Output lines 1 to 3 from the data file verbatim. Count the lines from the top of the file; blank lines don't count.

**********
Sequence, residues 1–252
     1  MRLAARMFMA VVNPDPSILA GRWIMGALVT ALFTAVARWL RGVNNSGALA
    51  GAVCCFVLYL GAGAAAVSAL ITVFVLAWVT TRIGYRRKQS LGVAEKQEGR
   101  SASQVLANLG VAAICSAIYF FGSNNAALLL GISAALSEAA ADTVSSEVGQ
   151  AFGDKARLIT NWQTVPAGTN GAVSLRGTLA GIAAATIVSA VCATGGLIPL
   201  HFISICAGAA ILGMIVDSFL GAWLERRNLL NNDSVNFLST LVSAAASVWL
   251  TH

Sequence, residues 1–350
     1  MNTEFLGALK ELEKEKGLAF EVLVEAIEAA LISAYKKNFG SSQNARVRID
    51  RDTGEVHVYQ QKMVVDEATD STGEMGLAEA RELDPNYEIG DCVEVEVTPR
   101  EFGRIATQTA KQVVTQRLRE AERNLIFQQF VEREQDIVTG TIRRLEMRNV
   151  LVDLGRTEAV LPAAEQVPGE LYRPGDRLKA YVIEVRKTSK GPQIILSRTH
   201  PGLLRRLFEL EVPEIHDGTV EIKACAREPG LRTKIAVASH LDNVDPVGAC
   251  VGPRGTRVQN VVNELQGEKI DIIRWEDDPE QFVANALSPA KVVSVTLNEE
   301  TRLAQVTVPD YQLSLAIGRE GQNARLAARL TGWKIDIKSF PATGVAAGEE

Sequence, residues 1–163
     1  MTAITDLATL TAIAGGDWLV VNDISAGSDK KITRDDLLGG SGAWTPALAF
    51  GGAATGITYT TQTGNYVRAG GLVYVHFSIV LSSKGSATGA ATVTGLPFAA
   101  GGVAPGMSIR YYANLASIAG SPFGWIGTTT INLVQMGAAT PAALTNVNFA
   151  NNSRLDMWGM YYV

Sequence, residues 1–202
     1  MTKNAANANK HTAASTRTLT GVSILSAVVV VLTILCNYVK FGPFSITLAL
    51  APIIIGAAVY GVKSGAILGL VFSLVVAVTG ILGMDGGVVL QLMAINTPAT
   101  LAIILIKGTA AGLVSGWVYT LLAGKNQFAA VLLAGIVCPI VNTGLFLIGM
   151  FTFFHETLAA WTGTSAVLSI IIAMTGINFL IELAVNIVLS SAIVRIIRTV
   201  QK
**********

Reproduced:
Sequence, residues 1–252
     1  MRLAARMFMA VVNPDPSILA GRWIMGALVT ALFTAVARWL RGVNNSGALA
    51  GAVCCFVLYL GAGAAAVSAL ITVFVLAWVT TRIGYRRKQS LGVAEKQEGR